Invasion of houseflies hits Simpang Ampat residents in Penang
NIBONG TEBAL - An infestation of millions of houseflies has been tormenting folks in Simpang Ampat on mainland Penang.
Nearly all shopkeepers and food sellers here are armed with fly swatters while sheets of flypaper are placed in every shop and market.
Every morning, people sweep up heaps of dead flies that had presumably reached the end of their month-long lifespan.
The flies were coming from open-system poultry farms nearby, said entomologist Associate Prof Dr Abdul Hafiz Ab Majid, a pest expert at Universiti Sains Malaysia and president of Entomological Society of Malaysia.
“The cool days of gloomy skies with light rain have created perfect conditions for an explosion of the fly population,” said Dr Abdul Hafiz.
“Chicken manure left exposed is a prime breeding site. The amount of moisture in the exposed manure is higher than during the dry days, increasing the chances of maggots and pupae maturing into adult flies,” he added.
A check on Google Earth showed that there are numerous poultry farms within a radius of 1km from Simpang Ampat. One farm is less than 300m away.
Over the past decade, rapid development on mainland Penang has transformed small farming villages into urban centres and residential estates. The farms, however, have been there for decades.
Although flies are scientifically proven to carry more than 400 types of germs, Dr Abdul Hafiz pointed out “it depends on where the flies had been before they land on our food”.
“If they had landed on a rotting carcass earlier, then they would carry harmful bacteria,” he said.
He urged Simpang Ampat residents to keep food well covered.
“One fly landing on your food will not create a bacterial count high enough to make you sick. Even so, keep your food covered,” he said, adding that the elderly and people with low immunity should be extra cautious.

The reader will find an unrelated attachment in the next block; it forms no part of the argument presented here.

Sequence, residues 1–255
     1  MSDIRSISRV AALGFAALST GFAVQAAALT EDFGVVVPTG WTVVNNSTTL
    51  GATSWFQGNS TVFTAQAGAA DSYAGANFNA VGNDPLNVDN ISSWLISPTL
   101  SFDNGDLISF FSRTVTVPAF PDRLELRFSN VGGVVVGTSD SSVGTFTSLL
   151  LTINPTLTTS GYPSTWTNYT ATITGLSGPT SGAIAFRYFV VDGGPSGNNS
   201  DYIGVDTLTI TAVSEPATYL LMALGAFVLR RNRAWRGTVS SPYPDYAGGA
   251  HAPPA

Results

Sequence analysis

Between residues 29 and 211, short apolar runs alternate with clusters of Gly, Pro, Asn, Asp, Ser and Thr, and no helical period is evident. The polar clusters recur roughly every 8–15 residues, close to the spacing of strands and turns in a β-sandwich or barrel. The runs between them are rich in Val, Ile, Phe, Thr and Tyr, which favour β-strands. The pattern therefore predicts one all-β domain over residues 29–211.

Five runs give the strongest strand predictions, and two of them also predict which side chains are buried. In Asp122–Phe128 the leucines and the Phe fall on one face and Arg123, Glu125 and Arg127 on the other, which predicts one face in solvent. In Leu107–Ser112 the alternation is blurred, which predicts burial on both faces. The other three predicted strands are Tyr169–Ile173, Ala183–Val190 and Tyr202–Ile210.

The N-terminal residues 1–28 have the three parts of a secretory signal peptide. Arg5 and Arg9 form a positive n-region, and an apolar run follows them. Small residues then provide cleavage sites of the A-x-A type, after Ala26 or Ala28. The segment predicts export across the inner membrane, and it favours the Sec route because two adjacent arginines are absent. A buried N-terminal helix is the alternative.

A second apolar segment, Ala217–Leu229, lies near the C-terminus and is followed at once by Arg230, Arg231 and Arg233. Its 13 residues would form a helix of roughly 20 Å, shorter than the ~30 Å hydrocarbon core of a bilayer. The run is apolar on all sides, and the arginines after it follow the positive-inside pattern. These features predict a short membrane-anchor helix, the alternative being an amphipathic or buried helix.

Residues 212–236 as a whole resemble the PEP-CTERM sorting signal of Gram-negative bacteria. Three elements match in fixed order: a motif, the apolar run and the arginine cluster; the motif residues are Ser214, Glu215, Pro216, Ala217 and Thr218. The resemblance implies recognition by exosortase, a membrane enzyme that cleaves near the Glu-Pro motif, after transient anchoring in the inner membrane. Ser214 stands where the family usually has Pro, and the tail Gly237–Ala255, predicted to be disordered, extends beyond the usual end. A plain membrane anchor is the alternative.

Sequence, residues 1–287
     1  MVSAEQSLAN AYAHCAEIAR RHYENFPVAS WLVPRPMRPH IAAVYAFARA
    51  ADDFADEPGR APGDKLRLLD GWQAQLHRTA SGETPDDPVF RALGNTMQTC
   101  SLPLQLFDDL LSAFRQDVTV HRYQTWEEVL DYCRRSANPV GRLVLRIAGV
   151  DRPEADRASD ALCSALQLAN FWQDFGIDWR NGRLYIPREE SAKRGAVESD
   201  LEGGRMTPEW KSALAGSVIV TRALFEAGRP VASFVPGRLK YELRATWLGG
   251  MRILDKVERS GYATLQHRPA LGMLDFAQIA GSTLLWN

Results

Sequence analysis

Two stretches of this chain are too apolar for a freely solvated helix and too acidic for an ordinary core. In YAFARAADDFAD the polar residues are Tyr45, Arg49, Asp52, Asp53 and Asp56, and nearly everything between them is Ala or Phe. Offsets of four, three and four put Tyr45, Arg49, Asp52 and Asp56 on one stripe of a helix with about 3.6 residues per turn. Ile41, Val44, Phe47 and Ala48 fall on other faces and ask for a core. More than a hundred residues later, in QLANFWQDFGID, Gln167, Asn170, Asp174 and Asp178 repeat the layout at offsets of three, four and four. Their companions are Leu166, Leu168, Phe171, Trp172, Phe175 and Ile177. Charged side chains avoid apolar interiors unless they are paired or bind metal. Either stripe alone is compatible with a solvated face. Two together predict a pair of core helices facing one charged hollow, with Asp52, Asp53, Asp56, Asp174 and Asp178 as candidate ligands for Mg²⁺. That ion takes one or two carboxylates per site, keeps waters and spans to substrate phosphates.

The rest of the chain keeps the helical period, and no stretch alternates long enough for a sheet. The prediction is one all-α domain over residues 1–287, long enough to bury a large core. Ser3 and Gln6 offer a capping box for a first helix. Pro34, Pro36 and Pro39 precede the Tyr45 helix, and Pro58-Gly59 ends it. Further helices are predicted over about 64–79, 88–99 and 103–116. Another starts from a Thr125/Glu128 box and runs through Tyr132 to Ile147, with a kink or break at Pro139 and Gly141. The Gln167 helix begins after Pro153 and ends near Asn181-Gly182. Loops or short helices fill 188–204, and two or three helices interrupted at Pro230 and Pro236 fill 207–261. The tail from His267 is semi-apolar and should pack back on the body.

A coffee shop in Taman Bagan Tambun has put up signs warning customers of flies.
Many residents The Star spoke to said this was their worst fly infestation in living memory.
“The flies would come thrice yearly, but this is the worst in the past 10 years at least,” said fruit seller Loo Seng Huat, 40, at the Tambun Indah wet market.
“It started about a week ago and the entire neighbourhood is affected.”
Flies could also be seen on vegetables and products sold by Ms Hng Phaik Yan, 45, at the market.
“Customers shy away from my vegetables because they are covered in flies,” she said.
“There’s a drastic drop in business, not just because people are buying less, but nearby residents avoid cooking because the flies swarm their kitchens.”
Bukit Tambun assemblyman Goh Choon Aik said farmers should upgrade to a closed farming system that prevents flies from breeding.
The Seberang Prai city council has issued eight compounds and four notices to a poultry farm since 2021.
“The results of our checks showed that the farm did not comply with licensing requirements,” the city council said. - THE STAR/ASIA NEWS NETWORK